CONCLUSIONS OF LAW
Vehicle Search Was Warrantless
Vehicle Search Was Warrantless
70. The search warrant, Commonwealth’s Exhibit No. 2, does not apply to the search of the BMW post-arrest.
71. Despite the admitted error on the face of the search warrant, Commonwealth’s Exhibit No. 2, examination of this warrant reveals that application for the search warrant affidavit was made on May 14, 2007, the day before the Defendants were arrested.
72. Based upon the admitted errors set forth in the Findings of Fact above, the search warrant, Commonwealth’s Exhibit No. 2, itself was not valid until May 16, 2007, the day after the Defendants were arrested.
73. The search warrant, Commonwealth’s Exhibit No. 2, was not valid the day the Defendants were arrested.
74. The search warrant, Commonwealth’s Exhibit No 2, only relates to the Virginia Beach Police Department’s alleged investigation and prosecution of the Defendants on Conspiracy to Violate Virginia’s RICO statute, Conspiracy to Launder Money and Conspiracy to Receive Money from Earnings of Male or Female Prostitutes.
75. The search warrant, Commonwealth’s Exhibit No. 2, does not relate to the Pennsylvania prosecution of the Defendants for Criminal Homicide.
76. The search warrant, Commonwealth’s Exhibit No. 2, only authorizes search of the Defendants’ home at 1028 Stratem Court, Virginia and ”... vehicles parked on the curtilage of 1028 Stratem Court.”
77. The search warrant, Commonwealth’s Exhibit No. 2, does not authorize search or seizure of the Defendants’ vehicles wherever located or if located on a public roadway, such as Virginia Beach Boulevard.
78. The search and seizure of the Defendants’ BMW was warrantless.
79. The search warrant, Commonwealth’s Exhibit No. 2, that the Commonwealth submits as authority for this search and seizure is inapplicable.
80. The search warrant, Commonwealth’s Exhibit No. 2, a Virginia RICO warrant, simply does not cover the search and seizure of the Defendants’ BMW on a public roadway following a traffic stop on May 15, 2007.
81. Therefore, this issue should be treated as a warrantless search and analyzed under the automobile exception to the warrant requirement.
Virginia Law on Automobiie Exception to Warrant Requirement
82. In New York v. Belton, 453 U.S. 454, 101 S.Ct. 2860, 69 L.Ed.2d 768 (1981), the united States Supreme Court adopted a bright-line rule regarding warrantless searches of automobiles The Court held that “... when a policeman has made a lawful custodial arrest of the occupant of an automobile, he may, as a contemporaneous incident of that arrest, search the passenger compartment of that automobile.” Belton, 453 U.S. 454 at 460.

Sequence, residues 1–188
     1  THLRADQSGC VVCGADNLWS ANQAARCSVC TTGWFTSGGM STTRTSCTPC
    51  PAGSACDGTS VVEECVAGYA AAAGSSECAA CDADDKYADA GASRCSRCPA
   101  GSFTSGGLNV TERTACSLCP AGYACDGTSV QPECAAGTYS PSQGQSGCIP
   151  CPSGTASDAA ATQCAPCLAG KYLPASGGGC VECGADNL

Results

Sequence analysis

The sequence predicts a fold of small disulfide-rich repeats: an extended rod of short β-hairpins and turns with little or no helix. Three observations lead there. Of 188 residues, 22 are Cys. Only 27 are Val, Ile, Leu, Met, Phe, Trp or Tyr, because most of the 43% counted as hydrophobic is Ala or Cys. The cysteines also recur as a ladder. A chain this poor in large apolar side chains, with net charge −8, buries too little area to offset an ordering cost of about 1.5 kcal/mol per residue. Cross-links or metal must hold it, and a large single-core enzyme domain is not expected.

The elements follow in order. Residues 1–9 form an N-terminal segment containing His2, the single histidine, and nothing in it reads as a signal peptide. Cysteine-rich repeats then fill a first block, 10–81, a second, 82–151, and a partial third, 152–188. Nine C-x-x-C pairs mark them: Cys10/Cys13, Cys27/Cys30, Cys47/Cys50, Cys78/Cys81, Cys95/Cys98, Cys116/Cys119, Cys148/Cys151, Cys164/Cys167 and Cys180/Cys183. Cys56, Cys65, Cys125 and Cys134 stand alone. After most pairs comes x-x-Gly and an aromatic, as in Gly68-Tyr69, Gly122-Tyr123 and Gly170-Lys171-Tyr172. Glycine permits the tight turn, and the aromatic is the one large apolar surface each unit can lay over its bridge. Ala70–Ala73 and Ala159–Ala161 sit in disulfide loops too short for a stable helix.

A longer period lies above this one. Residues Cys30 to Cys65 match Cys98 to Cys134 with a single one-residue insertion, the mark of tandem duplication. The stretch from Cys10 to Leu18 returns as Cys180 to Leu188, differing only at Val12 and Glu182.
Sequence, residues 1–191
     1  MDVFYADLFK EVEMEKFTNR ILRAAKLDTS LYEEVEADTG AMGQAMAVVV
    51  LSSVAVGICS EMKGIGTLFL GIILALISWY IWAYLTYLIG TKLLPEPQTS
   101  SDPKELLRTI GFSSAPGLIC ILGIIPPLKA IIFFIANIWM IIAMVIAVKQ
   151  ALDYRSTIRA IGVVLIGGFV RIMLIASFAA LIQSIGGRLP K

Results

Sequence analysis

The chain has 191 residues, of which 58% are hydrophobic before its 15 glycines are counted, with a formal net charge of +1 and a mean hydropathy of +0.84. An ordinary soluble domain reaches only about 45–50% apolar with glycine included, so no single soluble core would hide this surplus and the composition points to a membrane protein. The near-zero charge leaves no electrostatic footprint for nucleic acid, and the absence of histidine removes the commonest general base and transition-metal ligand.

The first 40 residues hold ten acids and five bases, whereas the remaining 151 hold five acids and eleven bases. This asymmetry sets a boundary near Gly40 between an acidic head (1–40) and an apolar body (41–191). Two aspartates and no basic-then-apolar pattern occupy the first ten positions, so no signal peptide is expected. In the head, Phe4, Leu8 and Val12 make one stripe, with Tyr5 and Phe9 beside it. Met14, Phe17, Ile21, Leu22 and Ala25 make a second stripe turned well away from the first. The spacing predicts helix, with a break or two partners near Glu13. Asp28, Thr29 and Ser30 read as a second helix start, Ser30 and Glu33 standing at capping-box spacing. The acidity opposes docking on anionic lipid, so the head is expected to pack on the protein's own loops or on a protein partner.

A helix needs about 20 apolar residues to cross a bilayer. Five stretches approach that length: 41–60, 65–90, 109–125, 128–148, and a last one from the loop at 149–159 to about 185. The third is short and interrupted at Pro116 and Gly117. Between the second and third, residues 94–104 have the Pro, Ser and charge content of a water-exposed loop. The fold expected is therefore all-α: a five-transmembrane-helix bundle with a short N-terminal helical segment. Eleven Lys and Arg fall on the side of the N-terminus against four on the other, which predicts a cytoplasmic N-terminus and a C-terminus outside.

83. Virginia adopts the Belton analysis and has held that when determining the legality of a search of a vehicle incident to arrest, Virginia courts will examine: 1. Whether the defendant was the subject of a lawful custodial arrest; and 2. Whether the arrestee was the occupant of the vehicle that was searched. Glasco v. Commonwealth of Virginia, 257 Va. 433, 438, 513 S.E.2d 137, 140 (1999) citing People v. Savedra, 907 P.2d 596, 597-98 (Cob. 1995)
Pennsyivania Law on Automobiie Exception to the Warrant Requirement
84. Pennsylvania has held that Article 1 Section 8 of the Pennsylvania Constitution provides greater protection than the Fourth Amendment to the United States Constitution regarding warrantless searches and seizures relating to automobiles.
85. In Commonwealth v. White, 543 Pa. 45, 669 A.2d 896 (1995), the Pennsylvania Supreme Court rejected the Belton automobile exception to the warrant requirement, stating that:
...this court, when considering the relative importance of privacy as against securing criminal convictions, has struck a different balance than has the United States Supreme Court, and under the Pennsylvania balance, an individual’s privacy interests are given greater deference than under federal law... Merely arresting someone does not give police carte blanche to search any property belonging to the arrestee. Certainly, a police officer may search the arrestee’s person and the area in which the person is detained in order to prevent the arrestee from obtaining weapons or destroying evidence, but otherwise, absent an exigency, the arrestee’s privacy interests remain intact as against a warrantless search. In short, there is no justifiable search incident to arrest under the Pennsylvania Constitution save for the search of the person and the immediate area which the person occupies during his custody... White at 902.
86. Further, the White court made it clear that a warrantless search of a vehicle conducted in violation of Article 1 Section 8 cannot be excused by re-naming it as an inventory search or relying on the fact that an inventory search would have revealed the same evidence. See White at 903.
87. Because Virginia’s law differs from Pennsylvania’s regarding warrantless vehicte searches and seizures, the Court must engage in a conflict of laws analysis to determine which state’s law to apply.